A study presented at the 2014 Chicago Multidisciplinary Symposium in Thoracic Oncology by Gregory M.M. Videtic, MD, a radiation oncologist at the Cleveland Clinic Foundation and associate professor of radiation oncology at the Cleveland Clinic Lerner College of Medicine, Case Western Reserve University, showed that data analysis from patient registry (2003-2012) on stereotactic body radiotherapy (SBRT) revealed an excellent long-term, local control of 79% of tumors in medically inoperable, early stage lung cancer patients treated with SBRT.
The study “A Decade of “50 in 5”: Maturing SBRT Outcomes for Medically Inoperable Early Stage Lung Cancer at Cleveland Clinic Over 10 Years,” looked at data from 300 lung cancer patients who presented 340 tumor lesions and were treated at the Cleveland Clinic with SBRT technology. The patients in the study were not eligible for surgery due to associated medical conditions, including chronic obstructive pulmonary disease (62% of patients).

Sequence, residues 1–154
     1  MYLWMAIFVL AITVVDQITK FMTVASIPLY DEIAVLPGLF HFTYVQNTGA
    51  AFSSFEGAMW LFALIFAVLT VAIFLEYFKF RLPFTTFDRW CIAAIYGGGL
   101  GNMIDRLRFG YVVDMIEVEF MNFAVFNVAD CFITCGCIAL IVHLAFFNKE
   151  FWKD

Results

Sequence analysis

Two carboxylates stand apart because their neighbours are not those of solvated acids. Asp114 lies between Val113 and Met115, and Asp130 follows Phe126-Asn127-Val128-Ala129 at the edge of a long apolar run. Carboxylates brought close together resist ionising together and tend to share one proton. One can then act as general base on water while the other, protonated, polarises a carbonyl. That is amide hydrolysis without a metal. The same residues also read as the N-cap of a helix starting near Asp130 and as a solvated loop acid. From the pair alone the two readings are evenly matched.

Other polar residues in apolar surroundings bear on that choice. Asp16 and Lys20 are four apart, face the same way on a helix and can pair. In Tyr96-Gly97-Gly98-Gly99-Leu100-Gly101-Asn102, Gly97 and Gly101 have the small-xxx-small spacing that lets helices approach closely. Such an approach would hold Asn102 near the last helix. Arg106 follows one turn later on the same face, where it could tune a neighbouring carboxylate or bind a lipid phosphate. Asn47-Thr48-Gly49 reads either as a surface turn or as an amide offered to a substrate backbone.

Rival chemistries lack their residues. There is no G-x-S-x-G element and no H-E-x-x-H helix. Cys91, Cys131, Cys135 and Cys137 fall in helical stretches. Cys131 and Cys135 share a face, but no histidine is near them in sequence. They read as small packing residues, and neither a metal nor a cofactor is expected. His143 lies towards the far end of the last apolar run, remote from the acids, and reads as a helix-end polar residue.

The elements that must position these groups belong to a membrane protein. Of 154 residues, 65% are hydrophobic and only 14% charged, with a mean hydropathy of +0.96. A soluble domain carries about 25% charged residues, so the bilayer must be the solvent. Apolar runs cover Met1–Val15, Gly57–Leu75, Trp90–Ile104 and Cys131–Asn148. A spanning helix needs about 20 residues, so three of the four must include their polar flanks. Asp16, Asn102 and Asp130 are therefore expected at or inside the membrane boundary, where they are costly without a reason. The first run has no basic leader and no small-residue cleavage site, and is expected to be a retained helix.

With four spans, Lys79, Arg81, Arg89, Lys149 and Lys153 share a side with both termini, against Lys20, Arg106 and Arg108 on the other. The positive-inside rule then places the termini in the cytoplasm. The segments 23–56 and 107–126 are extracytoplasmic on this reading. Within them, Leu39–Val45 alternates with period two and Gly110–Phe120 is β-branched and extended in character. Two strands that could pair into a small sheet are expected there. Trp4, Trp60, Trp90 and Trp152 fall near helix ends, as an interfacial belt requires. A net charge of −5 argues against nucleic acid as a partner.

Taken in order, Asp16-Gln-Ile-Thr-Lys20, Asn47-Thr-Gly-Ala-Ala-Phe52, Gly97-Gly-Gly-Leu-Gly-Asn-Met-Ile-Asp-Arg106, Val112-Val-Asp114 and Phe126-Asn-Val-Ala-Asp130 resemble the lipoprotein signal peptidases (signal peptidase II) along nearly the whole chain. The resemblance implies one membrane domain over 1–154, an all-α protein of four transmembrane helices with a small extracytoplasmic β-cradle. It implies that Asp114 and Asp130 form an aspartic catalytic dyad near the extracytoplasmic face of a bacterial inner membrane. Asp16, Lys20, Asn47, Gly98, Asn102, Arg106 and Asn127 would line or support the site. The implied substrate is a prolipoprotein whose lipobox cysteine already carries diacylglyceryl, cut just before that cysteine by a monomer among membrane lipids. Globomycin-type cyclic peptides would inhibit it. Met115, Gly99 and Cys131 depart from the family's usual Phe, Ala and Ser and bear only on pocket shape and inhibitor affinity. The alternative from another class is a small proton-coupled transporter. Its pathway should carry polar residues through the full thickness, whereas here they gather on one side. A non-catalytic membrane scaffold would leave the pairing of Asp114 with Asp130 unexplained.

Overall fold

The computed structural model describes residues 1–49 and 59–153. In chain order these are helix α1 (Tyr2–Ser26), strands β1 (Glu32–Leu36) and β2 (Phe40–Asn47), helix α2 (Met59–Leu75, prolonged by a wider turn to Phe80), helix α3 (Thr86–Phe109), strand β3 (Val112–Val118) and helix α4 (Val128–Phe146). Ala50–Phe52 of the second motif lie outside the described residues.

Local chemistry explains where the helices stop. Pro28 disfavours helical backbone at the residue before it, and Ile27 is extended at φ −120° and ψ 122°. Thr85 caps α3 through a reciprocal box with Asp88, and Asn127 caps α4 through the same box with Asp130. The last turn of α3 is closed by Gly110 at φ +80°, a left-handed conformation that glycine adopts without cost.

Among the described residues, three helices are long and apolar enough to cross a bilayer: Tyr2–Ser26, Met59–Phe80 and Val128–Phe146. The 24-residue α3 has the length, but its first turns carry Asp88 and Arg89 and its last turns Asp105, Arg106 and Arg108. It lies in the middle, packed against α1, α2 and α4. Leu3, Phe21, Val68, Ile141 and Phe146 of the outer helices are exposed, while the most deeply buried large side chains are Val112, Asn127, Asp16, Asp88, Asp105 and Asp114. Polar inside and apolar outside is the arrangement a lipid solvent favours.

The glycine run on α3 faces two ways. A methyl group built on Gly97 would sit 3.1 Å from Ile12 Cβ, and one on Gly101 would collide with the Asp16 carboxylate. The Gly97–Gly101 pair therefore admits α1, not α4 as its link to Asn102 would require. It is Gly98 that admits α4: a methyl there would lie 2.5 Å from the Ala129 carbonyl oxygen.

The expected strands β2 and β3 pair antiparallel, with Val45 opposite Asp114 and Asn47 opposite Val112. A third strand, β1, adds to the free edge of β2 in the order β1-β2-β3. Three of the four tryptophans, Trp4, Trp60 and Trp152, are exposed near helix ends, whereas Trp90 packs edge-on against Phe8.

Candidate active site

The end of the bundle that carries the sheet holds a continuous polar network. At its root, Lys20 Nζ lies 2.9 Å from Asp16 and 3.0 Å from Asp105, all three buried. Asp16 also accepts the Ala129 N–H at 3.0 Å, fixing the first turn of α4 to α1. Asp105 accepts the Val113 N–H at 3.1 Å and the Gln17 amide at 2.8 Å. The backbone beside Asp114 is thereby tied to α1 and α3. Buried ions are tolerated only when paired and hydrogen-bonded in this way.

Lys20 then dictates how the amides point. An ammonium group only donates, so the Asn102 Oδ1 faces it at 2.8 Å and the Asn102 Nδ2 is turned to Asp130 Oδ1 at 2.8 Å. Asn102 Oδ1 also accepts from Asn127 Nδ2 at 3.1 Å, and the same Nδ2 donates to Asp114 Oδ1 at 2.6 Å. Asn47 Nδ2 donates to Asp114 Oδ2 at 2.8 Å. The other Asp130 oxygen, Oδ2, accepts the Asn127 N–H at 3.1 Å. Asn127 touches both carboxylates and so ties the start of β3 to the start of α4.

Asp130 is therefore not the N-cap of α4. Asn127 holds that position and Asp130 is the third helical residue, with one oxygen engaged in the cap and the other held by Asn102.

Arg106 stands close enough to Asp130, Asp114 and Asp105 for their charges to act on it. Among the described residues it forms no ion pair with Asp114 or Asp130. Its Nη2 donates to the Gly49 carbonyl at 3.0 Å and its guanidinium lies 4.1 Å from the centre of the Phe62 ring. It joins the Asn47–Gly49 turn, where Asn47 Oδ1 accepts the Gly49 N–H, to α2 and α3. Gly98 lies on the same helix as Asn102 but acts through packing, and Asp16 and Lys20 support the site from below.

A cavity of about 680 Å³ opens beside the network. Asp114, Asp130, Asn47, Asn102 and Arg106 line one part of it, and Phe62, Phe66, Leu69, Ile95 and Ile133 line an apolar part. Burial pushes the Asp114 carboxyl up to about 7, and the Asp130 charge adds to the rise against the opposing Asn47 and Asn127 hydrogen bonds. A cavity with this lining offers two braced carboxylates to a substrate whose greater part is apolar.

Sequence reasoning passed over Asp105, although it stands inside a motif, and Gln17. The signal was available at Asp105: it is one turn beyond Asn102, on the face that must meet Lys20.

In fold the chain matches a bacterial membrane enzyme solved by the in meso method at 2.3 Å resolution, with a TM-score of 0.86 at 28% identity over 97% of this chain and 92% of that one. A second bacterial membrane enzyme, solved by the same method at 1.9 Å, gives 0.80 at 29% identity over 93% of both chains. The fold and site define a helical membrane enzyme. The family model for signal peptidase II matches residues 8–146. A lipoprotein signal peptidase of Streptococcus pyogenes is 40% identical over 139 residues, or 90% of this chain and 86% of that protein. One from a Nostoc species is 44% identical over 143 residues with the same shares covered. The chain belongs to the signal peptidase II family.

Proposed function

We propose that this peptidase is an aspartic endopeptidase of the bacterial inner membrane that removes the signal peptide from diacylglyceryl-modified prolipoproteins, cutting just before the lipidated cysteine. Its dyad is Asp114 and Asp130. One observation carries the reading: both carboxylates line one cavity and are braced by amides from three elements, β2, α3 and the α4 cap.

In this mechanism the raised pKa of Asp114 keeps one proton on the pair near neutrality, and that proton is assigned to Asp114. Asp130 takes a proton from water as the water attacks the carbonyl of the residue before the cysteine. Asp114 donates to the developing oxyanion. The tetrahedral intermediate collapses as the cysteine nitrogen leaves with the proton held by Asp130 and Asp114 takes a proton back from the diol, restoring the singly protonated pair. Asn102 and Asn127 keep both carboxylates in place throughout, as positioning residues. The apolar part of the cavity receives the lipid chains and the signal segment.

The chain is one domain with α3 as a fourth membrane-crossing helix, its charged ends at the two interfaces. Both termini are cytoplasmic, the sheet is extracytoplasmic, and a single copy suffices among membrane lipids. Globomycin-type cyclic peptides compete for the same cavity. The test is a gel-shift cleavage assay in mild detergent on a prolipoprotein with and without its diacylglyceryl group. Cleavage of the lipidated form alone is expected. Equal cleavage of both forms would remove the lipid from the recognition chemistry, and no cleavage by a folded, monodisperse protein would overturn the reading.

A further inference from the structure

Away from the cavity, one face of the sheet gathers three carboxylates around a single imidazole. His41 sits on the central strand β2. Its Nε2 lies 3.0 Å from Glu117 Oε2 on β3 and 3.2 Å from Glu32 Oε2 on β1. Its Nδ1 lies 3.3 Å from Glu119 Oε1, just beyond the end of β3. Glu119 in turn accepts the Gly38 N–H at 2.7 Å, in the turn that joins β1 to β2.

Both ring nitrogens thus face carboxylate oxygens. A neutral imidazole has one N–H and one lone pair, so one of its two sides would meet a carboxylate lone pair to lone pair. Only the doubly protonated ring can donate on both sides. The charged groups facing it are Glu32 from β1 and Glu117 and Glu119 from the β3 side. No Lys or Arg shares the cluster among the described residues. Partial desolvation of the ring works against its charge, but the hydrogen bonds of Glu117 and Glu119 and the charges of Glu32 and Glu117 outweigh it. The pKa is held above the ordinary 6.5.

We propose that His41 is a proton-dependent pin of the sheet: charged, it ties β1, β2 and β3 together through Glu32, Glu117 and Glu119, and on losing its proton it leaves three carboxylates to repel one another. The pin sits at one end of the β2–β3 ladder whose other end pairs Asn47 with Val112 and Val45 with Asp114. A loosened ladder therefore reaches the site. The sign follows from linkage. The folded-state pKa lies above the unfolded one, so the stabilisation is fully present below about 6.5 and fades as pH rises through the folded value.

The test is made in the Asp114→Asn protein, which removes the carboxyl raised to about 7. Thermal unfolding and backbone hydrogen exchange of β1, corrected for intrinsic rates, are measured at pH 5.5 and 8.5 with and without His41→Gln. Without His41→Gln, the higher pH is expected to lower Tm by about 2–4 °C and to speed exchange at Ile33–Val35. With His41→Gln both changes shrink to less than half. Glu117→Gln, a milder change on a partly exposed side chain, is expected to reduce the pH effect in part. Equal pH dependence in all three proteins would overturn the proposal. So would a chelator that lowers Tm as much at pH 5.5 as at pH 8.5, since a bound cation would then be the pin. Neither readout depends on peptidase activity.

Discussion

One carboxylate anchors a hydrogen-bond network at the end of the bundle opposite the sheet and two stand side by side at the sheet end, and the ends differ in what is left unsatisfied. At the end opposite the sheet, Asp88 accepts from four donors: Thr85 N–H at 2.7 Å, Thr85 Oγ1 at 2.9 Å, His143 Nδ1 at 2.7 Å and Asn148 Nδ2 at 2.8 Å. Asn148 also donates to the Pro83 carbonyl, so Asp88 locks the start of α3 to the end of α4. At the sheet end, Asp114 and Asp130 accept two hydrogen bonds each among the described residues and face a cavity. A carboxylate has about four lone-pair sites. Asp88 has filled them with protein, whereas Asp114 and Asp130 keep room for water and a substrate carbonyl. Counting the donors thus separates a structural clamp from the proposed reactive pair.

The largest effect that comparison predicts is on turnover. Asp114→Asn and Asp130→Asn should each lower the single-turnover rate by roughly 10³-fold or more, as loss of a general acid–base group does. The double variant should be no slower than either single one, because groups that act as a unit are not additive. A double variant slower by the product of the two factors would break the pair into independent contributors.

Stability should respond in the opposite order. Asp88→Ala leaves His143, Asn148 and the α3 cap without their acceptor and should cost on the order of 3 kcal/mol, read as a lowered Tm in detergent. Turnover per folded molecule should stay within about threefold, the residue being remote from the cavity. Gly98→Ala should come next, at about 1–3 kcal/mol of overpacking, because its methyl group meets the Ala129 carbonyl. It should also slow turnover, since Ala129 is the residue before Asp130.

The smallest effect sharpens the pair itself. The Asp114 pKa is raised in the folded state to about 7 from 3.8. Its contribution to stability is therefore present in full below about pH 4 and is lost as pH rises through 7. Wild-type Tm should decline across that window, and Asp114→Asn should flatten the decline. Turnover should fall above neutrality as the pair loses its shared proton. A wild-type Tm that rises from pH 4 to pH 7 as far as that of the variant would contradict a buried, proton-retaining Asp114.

A total of 36.3% of tumors did not have a biopsy or a non-diagnostic biopsy, and 15% of patients received more than one SBRT treatment.
Throughout he study, all patients were accurately immobilized to receive SBRT therapy, since this technique requires precise and custom mapping of each individual patient’s anatomy.
CT images of the tumor were acquired in three different times points: at rest, at full inhalation and at full exhalation. The images were then merged together to create the internal target volume of the tumor.
A total radiation of 50Gy was delivered to patients in 5 fractions during one week.
The most common toxic side effects observed were chest wall toxicity (7.7%) and pneumonitis (4.1%).
The results showed that 5 years after treatment, patients with central tumors vs. non-central tumors had a local control of 79.0% vs. 75.4%, distant metastases-free of 49.5% vs. 56.7%, disease failure-free rates of 37.3% vs. 34.3%, and overall survival of 18.3% vs. 20.3% respectively.
“We have been privileged in demonstrating that lung SBRT can now be considered the standard of care for medically inoperable patients with early stage lung cancer,” Dr. Videtic, said in a news release. “Since our results indicate no unusual long term side effects, we are hoping to extend the potential uses of this therapy to more-fit, operable lung cancer patients whose cancer has not spread outside of the lung and to collaborate with other institutions on conducting such a clinical trial. SBRT could provide a more minimally invasive procedure than surgery, with fewer side effects and improved patient outcomes.”